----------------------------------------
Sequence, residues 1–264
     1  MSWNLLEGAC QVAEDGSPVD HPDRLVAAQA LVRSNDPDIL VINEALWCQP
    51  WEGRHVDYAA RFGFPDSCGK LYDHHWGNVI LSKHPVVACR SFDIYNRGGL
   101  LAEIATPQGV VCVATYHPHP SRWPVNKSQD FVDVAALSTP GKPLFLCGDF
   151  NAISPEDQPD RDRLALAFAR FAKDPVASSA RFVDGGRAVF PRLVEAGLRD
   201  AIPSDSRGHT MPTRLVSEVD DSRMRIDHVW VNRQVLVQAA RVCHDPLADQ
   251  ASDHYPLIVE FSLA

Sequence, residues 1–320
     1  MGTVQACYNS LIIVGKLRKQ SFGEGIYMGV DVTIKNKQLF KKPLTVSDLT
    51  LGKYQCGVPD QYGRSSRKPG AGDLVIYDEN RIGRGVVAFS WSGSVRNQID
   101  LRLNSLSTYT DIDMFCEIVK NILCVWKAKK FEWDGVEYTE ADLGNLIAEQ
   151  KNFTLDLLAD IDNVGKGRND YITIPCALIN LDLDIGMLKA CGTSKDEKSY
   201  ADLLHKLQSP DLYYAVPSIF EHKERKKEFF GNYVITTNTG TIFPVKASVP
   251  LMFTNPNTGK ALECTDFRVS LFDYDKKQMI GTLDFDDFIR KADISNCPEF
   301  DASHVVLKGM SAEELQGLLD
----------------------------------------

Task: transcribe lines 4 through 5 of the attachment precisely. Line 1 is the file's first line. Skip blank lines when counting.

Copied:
   101  LAEIATPQGV VCVATYHPHP SRWPVNKSQD FVDVAALSTP GKPLFLCGDF
   151  NAISPEDQPD RDRLALAFAR FAKDPVASSA RFVDGGRAVF PRLVEAGLRD